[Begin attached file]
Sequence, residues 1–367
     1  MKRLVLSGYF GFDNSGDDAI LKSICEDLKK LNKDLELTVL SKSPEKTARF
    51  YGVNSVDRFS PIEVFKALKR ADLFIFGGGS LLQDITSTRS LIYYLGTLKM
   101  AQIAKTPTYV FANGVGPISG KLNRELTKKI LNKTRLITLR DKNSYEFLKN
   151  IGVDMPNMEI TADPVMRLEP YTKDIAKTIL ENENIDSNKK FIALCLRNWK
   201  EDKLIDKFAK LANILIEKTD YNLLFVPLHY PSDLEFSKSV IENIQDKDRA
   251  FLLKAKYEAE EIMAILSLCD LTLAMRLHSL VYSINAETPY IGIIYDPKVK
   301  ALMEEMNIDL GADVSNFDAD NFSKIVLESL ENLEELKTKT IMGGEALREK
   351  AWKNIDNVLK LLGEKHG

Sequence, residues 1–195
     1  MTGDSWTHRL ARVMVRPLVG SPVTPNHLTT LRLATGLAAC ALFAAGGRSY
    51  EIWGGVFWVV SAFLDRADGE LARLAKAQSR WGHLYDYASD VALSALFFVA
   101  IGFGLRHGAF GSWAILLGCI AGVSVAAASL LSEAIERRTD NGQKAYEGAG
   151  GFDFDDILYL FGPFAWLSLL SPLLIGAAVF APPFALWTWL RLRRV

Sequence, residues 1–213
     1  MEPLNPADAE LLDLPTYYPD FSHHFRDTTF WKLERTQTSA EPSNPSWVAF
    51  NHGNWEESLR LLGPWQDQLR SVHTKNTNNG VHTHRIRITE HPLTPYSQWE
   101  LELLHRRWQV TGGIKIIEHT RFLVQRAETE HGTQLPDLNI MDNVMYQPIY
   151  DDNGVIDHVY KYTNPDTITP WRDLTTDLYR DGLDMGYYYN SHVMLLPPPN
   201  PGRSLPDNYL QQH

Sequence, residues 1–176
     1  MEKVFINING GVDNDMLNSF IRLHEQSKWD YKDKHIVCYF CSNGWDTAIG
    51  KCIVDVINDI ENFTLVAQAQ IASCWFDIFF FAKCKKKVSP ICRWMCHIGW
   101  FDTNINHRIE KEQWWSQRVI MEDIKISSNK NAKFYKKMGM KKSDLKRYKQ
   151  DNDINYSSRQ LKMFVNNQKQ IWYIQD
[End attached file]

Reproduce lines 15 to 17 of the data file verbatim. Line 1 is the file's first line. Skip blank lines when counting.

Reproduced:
Sequence, residues 1–213
     1  MEPLNPADAE LLDLPTYYPD FSHHFRDTTF WKLERTQTSA EPSNPSWVAF
    51  NHGNWEESLR LLGPWQDQLR SVHTKNTNNG VHTHRIRITE HPLTPYSQWE